Are Our Public Schools Democratic? January 5, 1913
“We have had pressing upon us from the kindergarten through the elementary school a wholly new scope and breadth of education and have had pressing down to the high school another great congerie of studies that seem to be absolutely necessary for the student to know something about; and in the elementary school the two things have come together like a lumberman’s jam. Something has got to give way; we cannot have a shorter school day, more vacations, and more holidays, and longer summer vacations; we cannot keep on cutting off at every end our time of study and then pour in an infinitely increased content of education.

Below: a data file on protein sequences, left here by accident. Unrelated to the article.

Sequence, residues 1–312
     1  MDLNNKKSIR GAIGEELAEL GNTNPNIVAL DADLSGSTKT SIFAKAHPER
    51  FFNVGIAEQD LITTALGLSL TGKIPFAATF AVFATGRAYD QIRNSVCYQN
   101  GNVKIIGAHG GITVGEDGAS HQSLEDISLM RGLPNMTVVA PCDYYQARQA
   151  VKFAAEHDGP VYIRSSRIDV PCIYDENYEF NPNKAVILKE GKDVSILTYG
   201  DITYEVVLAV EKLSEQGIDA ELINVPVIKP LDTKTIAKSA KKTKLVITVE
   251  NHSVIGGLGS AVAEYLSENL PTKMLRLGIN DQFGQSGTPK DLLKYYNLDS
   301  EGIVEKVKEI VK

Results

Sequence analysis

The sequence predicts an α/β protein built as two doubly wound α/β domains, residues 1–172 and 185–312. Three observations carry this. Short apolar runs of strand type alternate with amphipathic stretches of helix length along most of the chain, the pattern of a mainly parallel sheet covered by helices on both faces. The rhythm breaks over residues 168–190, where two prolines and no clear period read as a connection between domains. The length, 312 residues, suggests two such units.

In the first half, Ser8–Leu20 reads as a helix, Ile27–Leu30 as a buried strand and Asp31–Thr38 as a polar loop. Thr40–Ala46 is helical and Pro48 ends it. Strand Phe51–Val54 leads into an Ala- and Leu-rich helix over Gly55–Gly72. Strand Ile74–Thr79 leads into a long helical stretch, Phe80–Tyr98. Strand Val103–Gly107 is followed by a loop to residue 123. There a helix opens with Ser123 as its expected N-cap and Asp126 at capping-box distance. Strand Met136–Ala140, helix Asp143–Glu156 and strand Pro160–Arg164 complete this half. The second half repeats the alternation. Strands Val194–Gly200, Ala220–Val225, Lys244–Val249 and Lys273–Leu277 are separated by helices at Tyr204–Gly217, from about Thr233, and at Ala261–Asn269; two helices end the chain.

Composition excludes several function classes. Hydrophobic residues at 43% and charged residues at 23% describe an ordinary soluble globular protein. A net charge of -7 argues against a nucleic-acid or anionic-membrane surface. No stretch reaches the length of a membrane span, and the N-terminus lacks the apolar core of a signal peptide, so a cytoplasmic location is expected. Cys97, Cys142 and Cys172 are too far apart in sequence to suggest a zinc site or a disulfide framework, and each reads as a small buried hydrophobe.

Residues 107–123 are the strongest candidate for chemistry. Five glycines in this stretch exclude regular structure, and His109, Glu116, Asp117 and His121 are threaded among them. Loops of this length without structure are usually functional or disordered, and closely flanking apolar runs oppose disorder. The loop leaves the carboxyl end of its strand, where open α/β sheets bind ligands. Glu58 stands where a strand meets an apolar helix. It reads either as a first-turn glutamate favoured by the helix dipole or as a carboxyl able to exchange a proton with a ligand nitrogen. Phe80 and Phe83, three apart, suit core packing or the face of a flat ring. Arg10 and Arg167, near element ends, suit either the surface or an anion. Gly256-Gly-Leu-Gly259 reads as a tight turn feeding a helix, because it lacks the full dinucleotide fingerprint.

“The teachers are getting nervous prostration by wholesale trying to do the impossible – putting a gallon into a pint; and the children are following, too, in their wild rush for knowledge. You cannot simply set children to repeat and memorize, to do the mere things that mean the saying over and over and over of something enough to make it so that it cannot be forgotten, but we have got to have something that attracts the attention and holds the power of acquisition immediately, and so we have come into an era of demonstration. We have pushed the laboratory from the post-graduate course in the university down into the elementary schools and we are pushing it more and more, and now somebody ( I believe it is Mr. Edison) says that we are going to get our education quick, on the run, by the moving picture that is going to pour into us, as we stop for a minute between sandwiches, all that we need to know.”
Q: Does the speaker of the evening think that the right meaning of democracy ought to be taught in the schools?
A: Yes, I do. What’s more, my son, I think it should be lived in the schools.